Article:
So..will micro services live up to the hype they are starting to receive?
Yes..probably..but they are far from “free” and there are important things to be aware of before you start down this particular road…
Micro services seem to be “on the rise” so before we get to the “peak of inflated expectations” let me jump in with some real world experience.
We began implementing H2, a fully fledged event driven micro services platform, at Hailo way back in June 2013 so I guess we were relatively early adopters. It has recently been open sourced at https://github.com/hailocab/h2
What is new about micro services?
“Micro services” is our latest attempt to take away all the peripheral overhead from writing software and allow developers to concentrate purely on new business impacting functionality when they write software.
By creating sets (100-200) of small, loosely-coupled, simple, reusable software components software should be quicker to write, less fragile, and easier to test and change.
Sounds great..what is the catch?
All the communication/consistency/coherency overhead that gets taken away from the micro services has to go somewhere..and it goes into your micro services platform.
Learning one is..
When adopting micro services don’t under-estimate the capabilities of the platform you will need. You will need more DevOps, automation and tooling than you expect to.
When we started building H2, our micro services platform, we pretty much had to build everything from scratch. These days a lot of the work around service discovery, service binding and general management can be provided by SaaS providers like ww.iron.io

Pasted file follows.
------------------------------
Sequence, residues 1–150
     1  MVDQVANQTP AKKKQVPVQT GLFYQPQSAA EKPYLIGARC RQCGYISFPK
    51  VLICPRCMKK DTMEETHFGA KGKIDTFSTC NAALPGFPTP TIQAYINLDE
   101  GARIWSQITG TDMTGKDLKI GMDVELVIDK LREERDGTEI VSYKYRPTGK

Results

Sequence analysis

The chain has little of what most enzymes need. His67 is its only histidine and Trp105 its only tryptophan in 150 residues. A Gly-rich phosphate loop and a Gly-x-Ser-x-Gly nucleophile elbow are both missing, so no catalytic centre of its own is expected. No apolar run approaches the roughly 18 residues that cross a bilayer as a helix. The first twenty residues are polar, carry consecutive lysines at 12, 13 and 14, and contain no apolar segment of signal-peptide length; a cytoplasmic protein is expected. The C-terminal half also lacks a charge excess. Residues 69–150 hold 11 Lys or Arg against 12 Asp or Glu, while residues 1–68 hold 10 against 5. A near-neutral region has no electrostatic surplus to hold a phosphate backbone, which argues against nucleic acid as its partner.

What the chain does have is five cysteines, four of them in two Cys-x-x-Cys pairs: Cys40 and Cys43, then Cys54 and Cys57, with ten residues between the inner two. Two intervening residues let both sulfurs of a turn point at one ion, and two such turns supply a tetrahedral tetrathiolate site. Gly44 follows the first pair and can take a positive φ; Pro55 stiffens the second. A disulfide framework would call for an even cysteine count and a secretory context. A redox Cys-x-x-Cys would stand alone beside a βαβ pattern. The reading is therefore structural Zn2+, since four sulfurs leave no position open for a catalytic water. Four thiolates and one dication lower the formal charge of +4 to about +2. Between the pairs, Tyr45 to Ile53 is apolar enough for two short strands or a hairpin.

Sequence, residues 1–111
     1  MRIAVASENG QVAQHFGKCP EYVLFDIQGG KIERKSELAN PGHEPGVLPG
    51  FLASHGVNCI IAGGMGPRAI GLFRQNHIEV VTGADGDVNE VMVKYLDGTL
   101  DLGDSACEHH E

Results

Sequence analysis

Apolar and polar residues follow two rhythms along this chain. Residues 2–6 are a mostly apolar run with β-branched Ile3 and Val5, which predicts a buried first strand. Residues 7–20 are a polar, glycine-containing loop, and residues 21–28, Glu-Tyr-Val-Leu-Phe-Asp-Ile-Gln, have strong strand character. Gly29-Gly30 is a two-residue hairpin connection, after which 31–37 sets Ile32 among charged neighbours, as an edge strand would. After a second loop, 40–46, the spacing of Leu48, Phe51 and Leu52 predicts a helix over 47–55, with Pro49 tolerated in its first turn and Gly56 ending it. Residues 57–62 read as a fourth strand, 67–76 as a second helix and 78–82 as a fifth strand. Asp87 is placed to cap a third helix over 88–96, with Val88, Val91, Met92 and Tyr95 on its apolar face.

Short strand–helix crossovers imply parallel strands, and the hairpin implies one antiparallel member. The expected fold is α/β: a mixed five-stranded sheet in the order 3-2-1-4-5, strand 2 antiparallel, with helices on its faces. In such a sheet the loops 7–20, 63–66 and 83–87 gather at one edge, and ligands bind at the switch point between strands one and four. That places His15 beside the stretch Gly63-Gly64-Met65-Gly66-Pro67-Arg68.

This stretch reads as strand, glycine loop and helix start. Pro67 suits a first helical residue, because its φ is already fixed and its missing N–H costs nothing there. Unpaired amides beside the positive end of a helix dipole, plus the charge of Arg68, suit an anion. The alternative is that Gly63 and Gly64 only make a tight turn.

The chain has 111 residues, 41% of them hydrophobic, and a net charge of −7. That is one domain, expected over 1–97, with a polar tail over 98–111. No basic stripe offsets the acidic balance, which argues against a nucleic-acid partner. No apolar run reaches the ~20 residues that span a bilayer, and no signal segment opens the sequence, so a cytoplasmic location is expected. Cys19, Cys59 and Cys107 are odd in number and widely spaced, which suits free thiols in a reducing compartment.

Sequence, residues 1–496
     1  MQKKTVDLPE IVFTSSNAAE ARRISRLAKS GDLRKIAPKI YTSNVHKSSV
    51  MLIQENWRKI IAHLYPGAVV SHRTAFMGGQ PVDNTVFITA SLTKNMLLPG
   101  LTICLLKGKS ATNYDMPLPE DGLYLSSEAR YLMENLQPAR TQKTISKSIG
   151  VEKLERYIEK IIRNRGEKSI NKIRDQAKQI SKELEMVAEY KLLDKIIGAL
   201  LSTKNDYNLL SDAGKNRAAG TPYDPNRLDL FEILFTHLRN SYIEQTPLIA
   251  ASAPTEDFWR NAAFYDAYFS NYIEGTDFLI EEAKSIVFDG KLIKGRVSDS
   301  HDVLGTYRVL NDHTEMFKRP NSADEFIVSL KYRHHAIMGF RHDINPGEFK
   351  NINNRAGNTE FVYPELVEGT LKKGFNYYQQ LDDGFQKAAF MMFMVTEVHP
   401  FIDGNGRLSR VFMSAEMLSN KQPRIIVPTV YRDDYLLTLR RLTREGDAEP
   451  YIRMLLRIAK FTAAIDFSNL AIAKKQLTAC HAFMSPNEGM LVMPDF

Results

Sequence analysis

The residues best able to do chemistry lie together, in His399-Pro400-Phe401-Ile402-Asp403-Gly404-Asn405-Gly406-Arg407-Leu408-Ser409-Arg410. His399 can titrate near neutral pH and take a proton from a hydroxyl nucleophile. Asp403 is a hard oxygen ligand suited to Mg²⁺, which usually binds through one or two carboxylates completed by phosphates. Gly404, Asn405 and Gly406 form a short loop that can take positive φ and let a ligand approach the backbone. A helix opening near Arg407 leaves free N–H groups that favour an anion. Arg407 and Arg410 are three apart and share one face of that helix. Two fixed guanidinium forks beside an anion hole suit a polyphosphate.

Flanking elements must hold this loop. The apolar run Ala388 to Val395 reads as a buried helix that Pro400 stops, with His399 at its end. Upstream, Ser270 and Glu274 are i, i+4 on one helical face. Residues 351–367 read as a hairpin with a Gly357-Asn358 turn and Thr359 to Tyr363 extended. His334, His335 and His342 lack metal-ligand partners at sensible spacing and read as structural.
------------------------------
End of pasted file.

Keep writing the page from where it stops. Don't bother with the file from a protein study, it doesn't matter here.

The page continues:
Learning two is..
Don’t reinvent the wheel. Look to use open source software and micro services SaaS providers to save yourself time and money.
When we wrote our micro services our war cry was that each service “should do one thing and do it well”. That worked pretty well but don’t over do it. Hailo has more than 200 micro services now and maybe it’s too many. You have to find the right balance between maximising reuse and minimising dependency.
Learning three is..
Don’t be too purist. Start with fat “macro” services and only decompose them when experience tells you it will make things better.
As our platform matured we also learnt a lot about the general housekeeping processes you will need to perform when running a micro services platform. Feidhlim O’Neill wrote a great blog post about it here.
So would Holden Caulfield be right if he thought micro services were phoney?
No. They really can help you create an architecture that is very quick to develop on, resilient, performant and cost effective to run.
They aren’t “free” though..if you learn from other people who have already done it, leverage open source and SaaS whenever you can, and go into it with your eyes open you’ll definitely prove him wrong.
Contact interim.team here for a discreet, “no strings”, chat if you’re thinking of using micro services..we’d love to get involved.